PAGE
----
Don’t Buy Jerseys

Think about the kids, Kevin. The kids! The No. 35 jerseys worn by Oklahoma City children have been good for nearly a decade, but now they’re worthless. Might as well burn ’em. This is a huge (as in widespread) little (as in not that important) problem in all sports—aside from a franchise quarterback, who doesn’t play for multiple teams?—but this NBA offseason has been a particularly strong reminder that fans should stick to nameless jerseys.

Tim Duncan and Kobe Bryant, two rare superstars who stayed with one team forever, just finished their final seasons. And even Bryant didn’t make it easy on fans, switching his jersey number midway through his career. Are there any players like them left? Dirk Nowitzki comes to mind; it’s hard to see him leaving Dallas at this point. Tony Parker and Manu Ginobli have made San Antonio a safe haven for jersey buyers. Among active players in the top 100 of games played, only one other qualifies: Mike Conley, who just signed a five-year extension to stay in Memphis.

We can’t predict where Damian Lillard’s career might take him. Or Gordon Hayward’s. Or Ben Simmons’. But we can’t trust them. Durant, Dwyane Wade, Al Horford, and Dwight Howard (again) reminded us of that over these past few weeks.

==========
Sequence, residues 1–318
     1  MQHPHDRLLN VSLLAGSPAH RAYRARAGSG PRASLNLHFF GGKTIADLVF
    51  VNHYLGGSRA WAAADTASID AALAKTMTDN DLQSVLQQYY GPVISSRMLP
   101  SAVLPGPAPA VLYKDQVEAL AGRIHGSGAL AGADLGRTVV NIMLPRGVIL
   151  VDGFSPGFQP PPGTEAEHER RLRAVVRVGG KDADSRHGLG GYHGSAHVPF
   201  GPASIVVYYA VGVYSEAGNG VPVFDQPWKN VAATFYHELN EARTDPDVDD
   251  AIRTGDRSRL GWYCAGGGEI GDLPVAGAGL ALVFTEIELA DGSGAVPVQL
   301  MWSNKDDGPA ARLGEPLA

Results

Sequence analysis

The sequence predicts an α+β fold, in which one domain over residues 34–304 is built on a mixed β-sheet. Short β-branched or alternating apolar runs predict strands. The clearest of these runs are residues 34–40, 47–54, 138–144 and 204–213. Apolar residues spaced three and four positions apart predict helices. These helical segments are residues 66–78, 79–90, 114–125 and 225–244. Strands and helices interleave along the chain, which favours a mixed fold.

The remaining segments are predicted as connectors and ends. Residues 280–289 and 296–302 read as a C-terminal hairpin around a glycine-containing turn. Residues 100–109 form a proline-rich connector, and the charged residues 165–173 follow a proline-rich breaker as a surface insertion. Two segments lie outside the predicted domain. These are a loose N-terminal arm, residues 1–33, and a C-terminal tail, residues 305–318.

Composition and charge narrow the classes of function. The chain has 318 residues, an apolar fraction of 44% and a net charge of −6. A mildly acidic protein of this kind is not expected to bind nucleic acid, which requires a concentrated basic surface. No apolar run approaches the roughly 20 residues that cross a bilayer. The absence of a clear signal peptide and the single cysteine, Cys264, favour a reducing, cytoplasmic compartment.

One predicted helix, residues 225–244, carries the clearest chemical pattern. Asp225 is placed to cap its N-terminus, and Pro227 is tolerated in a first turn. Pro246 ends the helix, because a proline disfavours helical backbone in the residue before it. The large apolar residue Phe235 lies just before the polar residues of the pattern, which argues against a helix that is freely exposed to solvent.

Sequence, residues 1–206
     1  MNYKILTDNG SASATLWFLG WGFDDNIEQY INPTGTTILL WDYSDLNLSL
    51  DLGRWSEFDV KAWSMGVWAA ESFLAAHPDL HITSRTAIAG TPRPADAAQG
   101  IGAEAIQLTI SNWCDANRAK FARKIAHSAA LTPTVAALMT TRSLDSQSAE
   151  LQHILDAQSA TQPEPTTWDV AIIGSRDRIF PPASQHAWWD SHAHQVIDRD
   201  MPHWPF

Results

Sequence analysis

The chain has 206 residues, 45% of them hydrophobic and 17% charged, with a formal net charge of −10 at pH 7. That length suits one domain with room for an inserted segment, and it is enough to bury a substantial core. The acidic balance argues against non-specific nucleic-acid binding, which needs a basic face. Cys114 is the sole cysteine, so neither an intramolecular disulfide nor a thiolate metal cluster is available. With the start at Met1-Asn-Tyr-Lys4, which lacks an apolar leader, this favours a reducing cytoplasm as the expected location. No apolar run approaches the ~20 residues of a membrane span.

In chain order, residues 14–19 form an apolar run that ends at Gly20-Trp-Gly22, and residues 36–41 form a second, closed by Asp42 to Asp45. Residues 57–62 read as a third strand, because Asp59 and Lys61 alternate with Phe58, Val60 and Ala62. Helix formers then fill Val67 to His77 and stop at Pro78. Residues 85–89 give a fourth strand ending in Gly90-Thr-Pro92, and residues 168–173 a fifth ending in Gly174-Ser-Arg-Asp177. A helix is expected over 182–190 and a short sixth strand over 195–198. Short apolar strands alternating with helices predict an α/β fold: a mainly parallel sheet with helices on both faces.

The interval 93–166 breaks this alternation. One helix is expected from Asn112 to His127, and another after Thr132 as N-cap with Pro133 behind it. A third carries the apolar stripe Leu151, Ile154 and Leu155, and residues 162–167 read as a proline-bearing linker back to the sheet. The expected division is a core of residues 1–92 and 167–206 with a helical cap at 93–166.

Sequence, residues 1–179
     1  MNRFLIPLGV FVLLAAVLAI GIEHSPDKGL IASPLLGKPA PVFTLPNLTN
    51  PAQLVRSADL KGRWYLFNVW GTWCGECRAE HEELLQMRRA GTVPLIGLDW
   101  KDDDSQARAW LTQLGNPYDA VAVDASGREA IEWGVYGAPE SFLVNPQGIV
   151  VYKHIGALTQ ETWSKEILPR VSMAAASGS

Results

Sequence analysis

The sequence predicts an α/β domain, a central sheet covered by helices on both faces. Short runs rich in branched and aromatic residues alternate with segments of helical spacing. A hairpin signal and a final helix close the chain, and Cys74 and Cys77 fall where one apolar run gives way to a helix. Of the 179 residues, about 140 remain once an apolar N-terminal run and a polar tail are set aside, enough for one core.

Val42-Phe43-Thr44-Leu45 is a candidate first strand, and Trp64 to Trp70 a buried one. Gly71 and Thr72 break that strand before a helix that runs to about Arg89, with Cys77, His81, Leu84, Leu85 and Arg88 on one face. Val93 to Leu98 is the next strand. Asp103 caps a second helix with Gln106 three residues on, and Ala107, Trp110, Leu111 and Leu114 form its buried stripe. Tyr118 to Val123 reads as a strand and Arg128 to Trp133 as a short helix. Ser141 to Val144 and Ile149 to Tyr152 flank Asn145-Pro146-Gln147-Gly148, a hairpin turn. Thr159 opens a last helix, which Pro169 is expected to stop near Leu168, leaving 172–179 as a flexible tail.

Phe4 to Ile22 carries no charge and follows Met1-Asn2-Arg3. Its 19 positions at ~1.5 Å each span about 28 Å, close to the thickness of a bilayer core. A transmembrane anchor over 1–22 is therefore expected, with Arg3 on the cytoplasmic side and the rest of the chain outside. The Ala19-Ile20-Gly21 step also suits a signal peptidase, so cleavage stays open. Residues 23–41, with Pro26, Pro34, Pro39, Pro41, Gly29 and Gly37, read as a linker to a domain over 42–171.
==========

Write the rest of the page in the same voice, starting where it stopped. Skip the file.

Alas, there is a solution: The t-shirt jersey. Much cheaper than its more authentic cousin, the t-shirt jersey displays the same information as the jersey but is affordable and more appropriate for public. In fact, my Jose Reyes Mets t-shirt jersey just became useful again. And that’s why I was joking earlier about burning your Durant gear. LeBron James returned to Cleveland and it’s not hard to see Durant doing the same in OKC, especially if he wins a championship in Golden State.

In 2014, the top-selling NBA jerseys belonged to James, Durant, Bryant, and Derrick Rose, all of whom have joined new teams (or retired) since. So go ahead and buy a No. 35 Warriors jersey. Just don’t consider it a good investment.

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